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Kubernetes Architecture

Updated: Feb 16

Kubernetes stands as an open-source platform designed to streamline the deployment and administration of containers. At its core, Kubernetes offers a suite of functionalities encompassing container runtime, orchestration, infrastructure management, self-repair mechanisms, and service discovery with load-balancing capabilities.

Its primary functions include deploying, scaling, managing, and composing application containers across distributed clusters of hosts.

Yet, Kubernetes transcends its role as a mere container orchestrator. It could be likened to the operating system for cloud-native applications, serving as the foundational platform upon which applications operate.

Just as desktop applications rely on operating systems like MacOS, Windows, or Linux for execution, cloud-native applications thrive within the Kubernetes ecosystem, benefiting from its robust infrastructure and management capabilities.

Kubernetes Architecture

Kubernetes Architecture

At a high level, the Kubernetes architecture comprises three key components:

1. Control Plane (Master):

The control plane, often referred to as the master, serves as the brain of the Kubernetes cluster. It oversees and manages the entire cluster's operations, including scheduling, scaling, and maintaining the desired state of the cluster. The control plane consists of various components such as the API server, scheduler, controller manager, and etcd.

2. etcd:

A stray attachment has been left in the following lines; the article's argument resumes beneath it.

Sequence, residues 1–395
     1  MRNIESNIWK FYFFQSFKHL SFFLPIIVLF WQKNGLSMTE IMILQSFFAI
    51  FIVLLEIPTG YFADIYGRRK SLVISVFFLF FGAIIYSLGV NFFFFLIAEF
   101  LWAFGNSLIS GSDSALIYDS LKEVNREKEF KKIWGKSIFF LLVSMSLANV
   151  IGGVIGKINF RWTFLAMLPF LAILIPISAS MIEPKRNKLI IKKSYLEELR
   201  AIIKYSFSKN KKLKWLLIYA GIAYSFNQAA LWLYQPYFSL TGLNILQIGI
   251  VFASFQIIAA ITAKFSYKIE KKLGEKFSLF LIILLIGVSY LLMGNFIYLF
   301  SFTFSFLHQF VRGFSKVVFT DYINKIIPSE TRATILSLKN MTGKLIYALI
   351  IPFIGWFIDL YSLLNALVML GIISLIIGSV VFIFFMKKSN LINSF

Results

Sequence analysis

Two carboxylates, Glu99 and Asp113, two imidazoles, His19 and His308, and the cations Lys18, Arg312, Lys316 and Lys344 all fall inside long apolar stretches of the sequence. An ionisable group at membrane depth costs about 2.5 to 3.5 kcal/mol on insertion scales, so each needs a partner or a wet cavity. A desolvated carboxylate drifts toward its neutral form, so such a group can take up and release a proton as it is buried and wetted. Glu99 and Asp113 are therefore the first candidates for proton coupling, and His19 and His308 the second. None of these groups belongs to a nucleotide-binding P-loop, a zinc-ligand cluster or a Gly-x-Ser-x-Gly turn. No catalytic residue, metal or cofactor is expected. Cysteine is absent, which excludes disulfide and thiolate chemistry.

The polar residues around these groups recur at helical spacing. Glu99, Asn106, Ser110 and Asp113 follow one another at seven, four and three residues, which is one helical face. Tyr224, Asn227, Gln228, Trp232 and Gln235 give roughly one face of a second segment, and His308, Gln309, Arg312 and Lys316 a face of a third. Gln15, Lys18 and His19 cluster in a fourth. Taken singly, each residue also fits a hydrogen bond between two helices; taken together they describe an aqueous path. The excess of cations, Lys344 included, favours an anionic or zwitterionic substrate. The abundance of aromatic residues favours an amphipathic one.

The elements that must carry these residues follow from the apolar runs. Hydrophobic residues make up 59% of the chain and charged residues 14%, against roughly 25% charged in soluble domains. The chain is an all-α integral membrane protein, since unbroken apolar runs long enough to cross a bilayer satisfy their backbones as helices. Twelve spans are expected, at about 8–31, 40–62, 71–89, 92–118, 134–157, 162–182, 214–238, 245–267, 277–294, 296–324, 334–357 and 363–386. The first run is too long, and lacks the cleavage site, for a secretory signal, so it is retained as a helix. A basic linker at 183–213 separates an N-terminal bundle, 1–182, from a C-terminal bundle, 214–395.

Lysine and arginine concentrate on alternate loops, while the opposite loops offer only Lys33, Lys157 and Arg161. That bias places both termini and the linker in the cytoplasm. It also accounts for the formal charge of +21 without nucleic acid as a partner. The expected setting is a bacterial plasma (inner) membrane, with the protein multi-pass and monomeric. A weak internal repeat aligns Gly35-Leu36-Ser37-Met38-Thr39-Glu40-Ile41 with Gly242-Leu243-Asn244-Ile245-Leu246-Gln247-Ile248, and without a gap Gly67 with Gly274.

etcd is a distributed key-value store used by Kubernetes to store and manage the cluster's state. It ensures consistency and reliability by providing a centralized repository for configuration data, metadata, and other essential information related to the cluster. etcd plays a crucial role in maintaining the desired state of the cluster and facilitating communication between the control plane components and cluster nodes.

3. Cluster Nodes (Kubelets):

Cluster nodes, also known as worker nodes, are the machines responsible for executing and managing the workload containers within the Kubernetes cluster. Each node runs a kubelet agent, which communicates with the control plane to receive instructions, report status, and manage container operations on the node. Additionally, nodes typically run container runtime software such as Docker or containerd to launch and manage containers as per the instructions received from the control plane.

1. Kubernetes Control Plane

The control plane in Kubernetes serves as the central management system responsible for maintaining the desired state of all Kubernetes objects within the cluster. This includes pods, services, deployments, replica sets, and other resources that define the cluster's configuration and behavior. The control plane continuously monitors the state of these objects and takes actions to ensure that the actual state of the system matches the desired state specified by the user or administrator.

Kubernetes Architecture Control Plane

The control plane is composed of five major components:

  • Kube-apiserver

  • Kube-controller-manager

  • Kube-scheduler

  • Etcd